Sunday, April 29, 2012

Read this blog post (the oceans will thank you)

On the heels of another great event put on by the Vancouver Aquarium -- this one the Ocean Wise Tides of Change taster at Luma restaurant in Toronto, I got to thinking, as I do whenever the Ocean Wise crew comes to town, that we should all really be doing more.
For starters, I should be eating only sustainable fish and seafood, and in turn, should be developing more recipes to share with you that put tasty sustainable heroes at the centre of the plate. I’ve also put the Chatelaine test kitchen on notice, and going ahead we’re going to develop dishes using responsibly sourced fish and seafood products as much as possible.

I’ve been a longtime admirer of the cause. Having an Unsung Heroes dinner with David Suzuki a few years back was a great example of highlighting both the importance and the deliciousness of some virtually ignored species. After all, change has got to taste great or there will be no change. 

So, whether I’m bloodworming in Yarmouth or trying to understand what sustainable certification really means, or am taking the plunge in the icy waters of Norway, I’m always on the hunt for new and exciting oceanic treats.

The good news is, so far, the news is good: There are innovators out there bringing new species back from the brink and raising them in new, smart ways. 

Leafing through the handout from the Ocean Wise event at Luma, I learned that an estimated 90% of all large, predatory fish are gone from the world’s oceans and that we’re eating more seafood than ever before. At the same time, it’s heartening to know that 91% of Canadians want their seafood to be sustainable, and that Canada-wide purveyors are answering the call (sort of like Aquaman?

In Toronto there’s Hooked, Fishbar, The One that Got Away, and Off the Hook, while Vancouver has Blue Water CafĂ© (which gets top marks for its annual special Unsung Heroes menu), and Go Fish, while Victoria has Red Fish, Blue Fish – to name just a few. Ocean Wise has over 450 Canada-wide partners, so finding good eats shouldn’t be difficult: Just download the free Ocean Wise app to start making smart buying choices (or go to, and you’ll see that there’s much to learn and eat.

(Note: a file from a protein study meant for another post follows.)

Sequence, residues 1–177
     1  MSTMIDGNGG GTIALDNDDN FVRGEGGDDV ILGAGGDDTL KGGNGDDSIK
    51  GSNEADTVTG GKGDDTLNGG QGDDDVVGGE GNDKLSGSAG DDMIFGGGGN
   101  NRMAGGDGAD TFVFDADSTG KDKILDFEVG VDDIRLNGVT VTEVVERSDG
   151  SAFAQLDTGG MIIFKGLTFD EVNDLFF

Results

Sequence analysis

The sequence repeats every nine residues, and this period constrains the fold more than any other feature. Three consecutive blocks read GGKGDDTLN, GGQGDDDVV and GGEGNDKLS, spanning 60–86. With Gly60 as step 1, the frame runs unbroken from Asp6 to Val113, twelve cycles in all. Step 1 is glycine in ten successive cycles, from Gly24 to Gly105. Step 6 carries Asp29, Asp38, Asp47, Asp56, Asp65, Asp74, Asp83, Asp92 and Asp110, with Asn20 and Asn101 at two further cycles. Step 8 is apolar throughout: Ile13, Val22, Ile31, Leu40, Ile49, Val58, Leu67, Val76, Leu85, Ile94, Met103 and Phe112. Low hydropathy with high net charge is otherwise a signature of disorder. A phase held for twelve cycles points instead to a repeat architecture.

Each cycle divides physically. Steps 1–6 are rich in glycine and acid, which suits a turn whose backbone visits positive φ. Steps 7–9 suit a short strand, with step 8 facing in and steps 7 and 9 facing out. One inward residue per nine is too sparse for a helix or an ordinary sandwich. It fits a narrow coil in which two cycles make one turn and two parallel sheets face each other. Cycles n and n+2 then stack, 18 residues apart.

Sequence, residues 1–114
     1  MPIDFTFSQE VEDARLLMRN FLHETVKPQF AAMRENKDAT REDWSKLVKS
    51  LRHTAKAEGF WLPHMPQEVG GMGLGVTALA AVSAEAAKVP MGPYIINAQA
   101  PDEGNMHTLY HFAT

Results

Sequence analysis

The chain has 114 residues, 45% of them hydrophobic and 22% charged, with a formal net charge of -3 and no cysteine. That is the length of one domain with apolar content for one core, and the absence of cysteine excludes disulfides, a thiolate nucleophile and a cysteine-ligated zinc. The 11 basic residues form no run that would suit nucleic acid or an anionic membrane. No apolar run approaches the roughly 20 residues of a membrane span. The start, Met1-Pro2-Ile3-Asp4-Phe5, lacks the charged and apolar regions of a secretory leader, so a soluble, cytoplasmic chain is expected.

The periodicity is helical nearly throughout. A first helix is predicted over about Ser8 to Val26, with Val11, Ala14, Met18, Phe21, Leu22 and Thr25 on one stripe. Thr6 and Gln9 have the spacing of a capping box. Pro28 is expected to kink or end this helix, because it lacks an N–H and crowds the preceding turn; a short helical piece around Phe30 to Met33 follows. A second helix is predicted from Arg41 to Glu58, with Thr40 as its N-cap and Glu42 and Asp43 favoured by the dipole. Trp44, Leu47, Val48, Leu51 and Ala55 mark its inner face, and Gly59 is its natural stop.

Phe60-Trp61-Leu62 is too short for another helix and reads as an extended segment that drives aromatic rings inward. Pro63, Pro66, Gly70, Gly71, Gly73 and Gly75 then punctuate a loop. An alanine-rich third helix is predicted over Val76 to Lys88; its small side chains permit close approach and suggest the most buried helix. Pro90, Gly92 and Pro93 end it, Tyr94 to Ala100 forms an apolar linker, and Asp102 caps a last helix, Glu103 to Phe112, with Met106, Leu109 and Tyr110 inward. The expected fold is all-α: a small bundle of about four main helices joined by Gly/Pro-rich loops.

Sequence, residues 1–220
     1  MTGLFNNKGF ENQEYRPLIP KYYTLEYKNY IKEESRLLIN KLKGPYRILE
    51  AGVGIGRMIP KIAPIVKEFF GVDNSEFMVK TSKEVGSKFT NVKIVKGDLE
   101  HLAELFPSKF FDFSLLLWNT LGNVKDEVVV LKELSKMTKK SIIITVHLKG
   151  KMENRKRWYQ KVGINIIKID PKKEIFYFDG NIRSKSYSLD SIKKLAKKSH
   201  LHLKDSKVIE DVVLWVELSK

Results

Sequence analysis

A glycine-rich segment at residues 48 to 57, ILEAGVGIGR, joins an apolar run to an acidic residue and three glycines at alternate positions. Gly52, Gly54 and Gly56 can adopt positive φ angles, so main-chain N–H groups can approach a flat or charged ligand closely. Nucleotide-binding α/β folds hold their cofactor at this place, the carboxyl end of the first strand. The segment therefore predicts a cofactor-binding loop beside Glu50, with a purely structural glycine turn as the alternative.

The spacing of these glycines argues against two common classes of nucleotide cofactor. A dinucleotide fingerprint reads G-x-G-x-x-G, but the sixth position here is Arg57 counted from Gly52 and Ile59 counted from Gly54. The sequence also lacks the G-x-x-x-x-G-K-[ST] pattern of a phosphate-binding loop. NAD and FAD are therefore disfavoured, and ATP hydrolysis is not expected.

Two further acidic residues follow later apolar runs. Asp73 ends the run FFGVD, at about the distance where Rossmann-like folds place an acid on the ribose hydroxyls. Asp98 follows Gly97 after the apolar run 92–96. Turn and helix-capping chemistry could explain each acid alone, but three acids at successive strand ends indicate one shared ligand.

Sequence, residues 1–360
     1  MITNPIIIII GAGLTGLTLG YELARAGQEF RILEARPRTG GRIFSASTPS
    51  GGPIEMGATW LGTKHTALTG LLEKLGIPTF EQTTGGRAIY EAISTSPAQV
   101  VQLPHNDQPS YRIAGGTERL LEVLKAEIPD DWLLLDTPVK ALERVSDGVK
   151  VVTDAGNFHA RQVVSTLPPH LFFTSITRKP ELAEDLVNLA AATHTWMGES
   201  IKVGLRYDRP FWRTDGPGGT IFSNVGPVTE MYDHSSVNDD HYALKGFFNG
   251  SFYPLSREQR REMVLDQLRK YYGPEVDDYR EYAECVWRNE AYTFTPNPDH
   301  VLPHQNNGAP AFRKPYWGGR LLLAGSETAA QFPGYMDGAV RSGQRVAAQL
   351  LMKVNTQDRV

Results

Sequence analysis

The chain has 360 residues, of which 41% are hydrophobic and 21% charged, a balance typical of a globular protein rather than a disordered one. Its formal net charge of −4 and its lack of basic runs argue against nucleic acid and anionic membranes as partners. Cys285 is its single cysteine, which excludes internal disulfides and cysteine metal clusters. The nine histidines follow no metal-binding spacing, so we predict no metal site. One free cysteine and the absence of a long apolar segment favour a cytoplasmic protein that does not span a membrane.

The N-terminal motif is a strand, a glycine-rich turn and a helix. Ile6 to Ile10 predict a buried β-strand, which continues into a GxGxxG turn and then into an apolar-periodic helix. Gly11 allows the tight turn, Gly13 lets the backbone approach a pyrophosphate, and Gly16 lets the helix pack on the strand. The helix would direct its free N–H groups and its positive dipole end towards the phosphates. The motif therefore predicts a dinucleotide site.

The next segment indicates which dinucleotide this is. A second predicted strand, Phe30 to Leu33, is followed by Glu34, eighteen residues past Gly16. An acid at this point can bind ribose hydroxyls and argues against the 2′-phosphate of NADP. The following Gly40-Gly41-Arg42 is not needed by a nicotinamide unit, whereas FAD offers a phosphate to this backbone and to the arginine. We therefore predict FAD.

And right now, that’s exactly what enjoying great fish and seafood boils down to. Education is key to successful sustainable cooking and eating.

Sunday, April 22, 2012

Eat here: Hawker Bar

I know, I know, we're all sick of hearing about all of the groovy new restaurants opening up on Ossington, as if Ossington was the only street in Toronto and Toronto was the only city in Canada. But let me tell you about just one more. Actually, two more. I ate at two new Ossington restaurants this week and had distinctly different experiences at each.
First up, Yours Truly. I'm not going to go into too much detail here because we just had snacks and drinks. The cocktails were good. I highly recommend the John Candy, a winning mix of rye, maple, ginger, lemon and I think some bitters. But then I can't tell you about much else. Not because I was drunk, but because a half-hour later not only had I forgotten what I had eaten, but I had forgotten that I had even eaten at all. Not a great sign. That said, they also have a tasting menu and an admirable-sounding veg tasting menu too, so it wouldn't be fair of me to judge the place based a few bites of unremarkable snacks.
Next up, Hawker Bar. Not only do I remember everything I ate here, but I've been daydreaming about several delicious bites ever since Thursday. Only about a week old, the Singaporean-inspired menu is all texture and spice, hot and sticky (actually, incredibly hot, temperature-wise: Mind your mouth!) warming and cheerful. I'm not going to tell you what to eat, because you should really try everything that appeals (the hardest part is choosing), but what I will say is if you want a hot, fast meal with smiling service, fair prices and wooden stumps as seats, this is the place for you. Oh, and don't miss the chicken wings. (Tip: The resto link has photos of some of the dishes we ate. Also, they have takeout.) 
Get excited. 

Sunday, April 15, 2012

This just in: White asparagus

While many of us are caught up in this joyous time of springtime’s green asparagus, don’t forget about their tender, oft-forgotten albino kin, white asparagus. A few years ago I was in Germany in May, just in time for what they call Spargelsaison where it was all asparagus, all the time, and I never got sick of it.

With that taste memory in mind, I picked up a small bunch of white asparagus at my local grocery store this week (it was only $3; in my mind I always pegged white asparagus as being as expensive as lox), and then thinking back to a terrific side dish of butter-poached white asparagus that my family enjoyed at Nota Bene last year, I decided to make a quick batch of butter-glazed asparagus.